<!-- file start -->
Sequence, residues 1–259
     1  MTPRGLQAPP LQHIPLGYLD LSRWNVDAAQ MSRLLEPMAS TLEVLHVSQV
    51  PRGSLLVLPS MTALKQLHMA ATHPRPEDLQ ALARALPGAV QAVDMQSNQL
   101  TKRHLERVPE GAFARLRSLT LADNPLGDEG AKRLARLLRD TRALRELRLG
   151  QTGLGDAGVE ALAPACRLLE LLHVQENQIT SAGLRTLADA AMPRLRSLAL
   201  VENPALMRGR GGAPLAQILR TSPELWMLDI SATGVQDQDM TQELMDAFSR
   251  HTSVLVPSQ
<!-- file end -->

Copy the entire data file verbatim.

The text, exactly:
Sequence, residues 1–259
     1  MTPRGLQAPP LQHIPLGYLD LSRWNVDAAQ MSRLLEPMAS TLEVLHVSQV
    51  PRGSLLVLPS MTALKQLHMA ATHPRPEDLQ ALARALPGAV QAVDMQSNQL
   101  TKRHLERVPE GAFARLRSLT LADNPLGDEG AKRLARLLRD TRALRELRLG
   151  QTGLGDAGVE ALAPACRLLE LLHVQENQIT SAGLRTLADA AMPRLRSLAL
   201  VENPALMRGR GGAPLAQILR TSPELWMLDI SATGVQDQDM TQELMDAFSR
   251  HTSVLVPSQ